Robert Scott-Puttock writes: Interesting to read your site Mr St. Austell. Many thanks. In my opinion if one wants to get closest to the truth about Mario Lanza, read the writings of Derek McGovern. I followed the work of Mario Lanza from 1952 and saw him twice live at his Royal Albert Hall concerts 1958. Everything that I have seen written by Mr McGovern concerning Lanza has been sensible, logical, certainly accurate as far as my own knowledge extends, and plain common sense. Best wishes, and thankyou for this blog.

Edmund StAustell said...

Thank you very much. I really appreciate your thoughtful comment, and I urge readers to check out the work of Mr. McGovern for accurate information on the Great Lanza. Thanks again. Edmund

Gioacchino Florio-Maragioglio said...

You are correct. He was the great Lanza.

Here is essayed everything about his singing, so I will add a diverse point that I know interests you Edmund:

If Caruso had never lived, what would Mario Lanza's career have been like?

More broadly, think of him as a historical figure of tenor singing in relation to Enrico Caruso and Fernando de Lucia. It is an interesting idea, no?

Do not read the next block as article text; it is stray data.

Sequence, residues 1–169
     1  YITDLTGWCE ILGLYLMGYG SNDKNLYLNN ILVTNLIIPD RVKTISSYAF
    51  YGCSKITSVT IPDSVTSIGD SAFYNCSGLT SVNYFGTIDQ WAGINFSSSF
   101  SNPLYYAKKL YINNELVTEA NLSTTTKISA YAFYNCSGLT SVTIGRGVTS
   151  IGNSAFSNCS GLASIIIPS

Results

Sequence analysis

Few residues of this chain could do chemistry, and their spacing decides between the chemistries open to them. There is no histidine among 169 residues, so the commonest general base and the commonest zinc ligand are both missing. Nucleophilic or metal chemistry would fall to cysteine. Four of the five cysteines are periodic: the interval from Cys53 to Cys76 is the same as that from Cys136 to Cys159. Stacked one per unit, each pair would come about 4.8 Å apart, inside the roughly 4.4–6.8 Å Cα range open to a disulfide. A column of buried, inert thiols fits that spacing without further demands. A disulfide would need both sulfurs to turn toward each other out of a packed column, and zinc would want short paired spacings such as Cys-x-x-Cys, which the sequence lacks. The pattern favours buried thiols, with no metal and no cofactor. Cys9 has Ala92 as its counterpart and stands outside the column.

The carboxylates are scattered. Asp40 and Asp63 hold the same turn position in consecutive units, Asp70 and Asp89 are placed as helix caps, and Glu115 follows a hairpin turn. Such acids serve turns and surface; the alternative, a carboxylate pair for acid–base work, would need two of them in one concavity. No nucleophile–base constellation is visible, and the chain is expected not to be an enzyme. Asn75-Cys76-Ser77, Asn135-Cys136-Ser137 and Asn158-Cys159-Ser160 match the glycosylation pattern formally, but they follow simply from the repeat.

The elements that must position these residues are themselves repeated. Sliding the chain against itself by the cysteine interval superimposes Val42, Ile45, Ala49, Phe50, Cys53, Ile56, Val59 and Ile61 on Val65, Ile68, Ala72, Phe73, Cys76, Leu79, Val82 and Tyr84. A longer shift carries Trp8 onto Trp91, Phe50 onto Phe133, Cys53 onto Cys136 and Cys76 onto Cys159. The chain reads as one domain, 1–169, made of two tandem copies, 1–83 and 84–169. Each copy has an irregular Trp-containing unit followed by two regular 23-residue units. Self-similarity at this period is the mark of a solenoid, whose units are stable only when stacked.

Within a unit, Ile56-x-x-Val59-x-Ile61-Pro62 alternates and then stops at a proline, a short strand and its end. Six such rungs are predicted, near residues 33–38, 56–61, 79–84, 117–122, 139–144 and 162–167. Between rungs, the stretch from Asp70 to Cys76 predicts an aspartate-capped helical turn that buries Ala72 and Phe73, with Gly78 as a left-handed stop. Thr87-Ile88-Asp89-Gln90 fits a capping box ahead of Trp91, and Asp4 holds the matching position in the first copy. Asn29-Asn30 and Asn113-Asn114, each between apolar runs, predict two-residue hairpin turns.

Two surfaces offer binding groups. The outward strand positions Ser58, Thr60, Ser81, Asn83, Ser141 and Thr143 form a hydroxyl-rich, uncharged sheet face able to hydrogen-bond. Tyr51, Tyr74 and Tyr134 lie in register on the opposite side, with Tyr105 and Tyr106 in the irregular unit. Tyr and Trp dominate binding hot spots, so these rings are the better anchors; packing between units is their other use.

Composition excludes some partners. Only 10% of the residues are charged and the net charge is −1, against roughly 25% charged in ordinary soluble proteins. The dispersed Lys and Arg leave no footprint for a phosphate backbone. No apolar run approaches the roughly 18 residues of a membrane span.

EdmundStAustell said...

Thank you. Yes, I admit, that is a very interesting idea indeed! Certainly the shadow of Caruso lay over him for his entire career. I think this idea blends into an impression I have always had--and which I mention in the article--that Lanza's career was primarily one in which he portrayed the concept of an opera singer...specifically E. Caruso. He had great talent of his own, certainly, and I have always thought that if Caruso had not existed, and Lanza had never opted to portray him and model upon him, there may have been a great career in which Lanza himself became a great opera singer. It would have been an entirely different story. Fascinating idea! Thank you!

michaelbos said...

Lanza's voice was the 1st voice my brain recorded as talent when I was 8 years olds. I'm 55 now and he still is my favorite voice.

William Melton said...

I enjoyed all of Mario Lanza movies. His voice was beautiful but
as an all around Opera star he did't compare with American born
John Alexander that Beverly Sills called the Met's Rock of Gibraltar. Alexander was with the Met for 26 years and could sing many roles.He was elected to the American Opera's Hall of Fame. He was my dear friend in fact he died
in my arms after having performed
on the Temple Theatre's stagemany years ago.

Edmund St. Austell said...

Oh, dear! What a fascinating but utterly tragic story you have to tell. I'm so sorry you had to go through that, although I'm sure in a certain way it was comforting having your dear friend in your arms at that painful but unavoidable moment in life.